Cherokee U.S. Rep. Yvette Herrell, Redskins cheerleader?
Legislator's staff sometimes shields her from Indigenous-focused questions. Why?
WASHINGTON — Picture it. Washington, D.C., the day after the Washington NFL football team changed its name from a temporary, nondescript placeholder, “the Washington Football Team,” to its current moniker, The Commanders (which T-Bone and Heather do not like).
It was Feb. 3, 2022, a chilly winter day with hints of rain in the nation’s capital, and the U.S. House Subcommittee on Economic and Consumer Policy was holding a roundtable hearing, titled, “Examining the Washington Football Team’s Toxic Workplace Culture.”
Former cheerleaders testified that they had been sexually harrassed. Team employees said they had been treated in racist manners. Some said that Dan Synder, the owner of the team, as well as others higher up in the organization, fostered — and in some cases participated in — varying degrees of financial abuse.
“This is a sordid tale about power, greed and money,” said U.S. Rep. Gerry Connelly (D-VA) after one loud outburst during the contentious, partisan hearing. “We saw the name change yesterday, but until this pervasive culture of abuse and impunity ends, it’s nothing more than lipstick on a pig.”
D.C. was in a quagmire. Nothing much has changed in the ensuing months.
As ongoing scandals consume the team, Politico highlighted snippets of the hearing today (misquoting some of it), while calling out some of Herrell’s comments therein.
Herrell, the first GOP Native woman elected to the House, in 2020, thought the hearing was “a farce” (as did many of her GOP colleagues). She got in a couple of good zingers, lambasting a testifier as having tweeted potentially racist (Mexican “alcoholics”) and sexist (“whore” cheerleaders) things, and then asking why the Dems were calling this person to the stand to criticize the team’s business.
“The roundtable is ridiculous, and it is an abuse of power,” Herrell said, adding that she is personally against sexual harrassment and presumes that the Redskins business was probably an “awful” environment in which to work.
“It is turning into a Joe McCarthy commission, and we should not do that,” she said.
Herrell also implied that the testifying cheerleaders couldn’t be trusted, as 10 years had passed, and they had apparently been happy in the past to work for the team and had encouraged others to do so.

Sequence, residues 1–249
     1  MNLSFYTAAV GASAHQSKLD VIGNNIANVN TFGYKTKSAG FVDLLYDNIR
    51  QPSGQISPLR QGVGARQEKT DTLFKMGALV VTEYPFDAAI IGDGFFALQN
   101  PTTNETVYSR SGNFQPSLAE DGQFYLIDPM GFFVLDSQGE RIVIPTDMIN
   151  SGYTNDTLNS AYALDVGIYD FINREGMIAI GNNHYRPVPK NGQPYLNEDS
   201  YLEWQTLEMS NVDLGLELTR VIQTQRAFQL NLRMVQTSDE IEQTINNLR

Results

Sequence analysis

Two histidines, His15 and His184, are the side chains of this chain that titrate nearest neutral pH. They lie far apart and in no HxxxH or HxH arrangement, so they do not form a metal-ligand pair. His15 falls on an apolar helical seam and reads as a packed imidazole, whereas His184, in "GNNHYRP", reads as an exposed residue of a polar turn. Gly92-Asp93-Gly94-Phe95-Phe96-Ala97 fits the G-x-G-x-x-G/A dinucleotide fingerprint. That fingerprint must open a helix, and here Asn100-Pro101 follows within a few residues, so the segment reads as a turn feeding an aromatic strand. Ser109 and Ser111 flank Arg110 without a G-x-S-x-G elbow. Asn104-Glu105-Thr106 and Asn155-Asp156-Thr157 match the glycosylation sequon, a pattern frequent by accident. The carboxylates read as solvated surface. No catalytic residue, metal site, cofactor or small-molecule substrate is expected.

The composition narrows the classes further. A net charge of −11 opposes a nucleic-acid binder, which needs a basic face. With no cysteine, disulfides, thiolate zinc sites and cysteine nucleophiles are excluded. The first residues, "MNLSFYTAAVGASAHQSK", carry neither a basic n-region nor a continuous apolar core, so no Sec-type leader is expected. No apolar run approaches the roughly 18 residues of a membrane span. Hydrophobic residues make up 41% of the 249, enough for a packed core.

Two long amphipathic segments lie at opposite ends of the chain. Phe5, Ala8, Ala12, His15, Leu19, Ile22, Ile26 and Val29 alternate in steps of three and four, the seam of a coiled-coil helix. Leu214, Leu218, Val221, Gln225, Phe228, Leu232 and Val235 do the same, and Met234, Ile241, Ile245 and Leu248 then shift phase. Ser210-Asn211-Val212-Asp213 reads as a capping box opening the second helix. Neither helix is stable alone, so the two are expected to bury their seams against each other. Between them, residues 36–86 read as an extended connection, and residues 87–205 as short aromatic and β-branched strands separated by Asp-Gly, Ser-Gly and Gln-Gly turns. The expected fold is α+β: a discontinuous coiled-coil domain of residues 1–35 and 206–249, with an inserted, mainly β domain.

“One of the witnesses on the panel even said, back then, ‘I will always be a Redskin; I am leaving with a smile on my face….’” the lawmaker said.
Herrell had done her Redskins research, as had her her spokesman Billy Gribbin, who is proud of his past work as a speechwriter for President Donald Trump.
Fast forward to today — another moist day in D.C., which finds itself under a tornado watch — and, as a result of the Politico piece, some people are now trying to nail down Herrell’s own positions on the team formerly known as Redskins.
The thinking goes: Herrell is a citizen of the Cherokee Nation. Many Native Americans thought the dictionary-defined racial slur of the team was wrong for decades, and many have celebrated its removal.
So where did Herrell stand on the name?
A one-term Congress member, Herrell is up for re-election this year, and she is one of the legislators that re-districting could affect, effectively changing her seat from red to blue. U.S. Rep. Sharice Davids (D-KS), a citizen of the Ho-Chunk Nation, is in a similar position in her state, yet in the opposite political direction.
Herrell will likely need every Native vote she can get, if she is to overcome the re-districting challenges. If any Natives think her Redskins positioning is important, she might want to get in front of that issue, according to some D.C.-based observers.
Few think her support — or non-support — of the Redskins will be the deciding factor, of course, but it does provide a signal to Indigenous voters on where she stands on their issues.
In recent days, Herrell has stepped up her work on behalf of Natives, meeting with tribal officials and announcing support for bipartsian tribal water legislation, appearing alongside her Democratic colleagues. She’s a strong believer in Indigenous economic empowerment, too.
But there is a perception that some people on her leadership team sometimes hold Herrell back from going “fully Native” in her messaging, if she is ever inclined to do so.
Spokesman Gribbin, for one, doesn’t tend to respond to questions regarding her Native-focused positions. Beyond general economic issues, he doesn’t appear to feel Herrell is best served by talking much about “Indian stuff,” peers have said.
To test that theory, we sent Gribbin the following questions today:
Hope you are well. Was Rep. Herrell a fan of the former Washington, D.C. NFL football team name? I am asking because I am writing about her thoughts during the recent Dan Synder-focused hearing and want to know whether she thought the Redskins debate was a worthy one. Several other Native Congress members denounced the name, but I'm not sure she did. If she did not, why? If she did, please let me know, so I can be fully accurate. I look forward to hearing from you.
No word from Gribbin yet, but we’ll let you know if we hear back.
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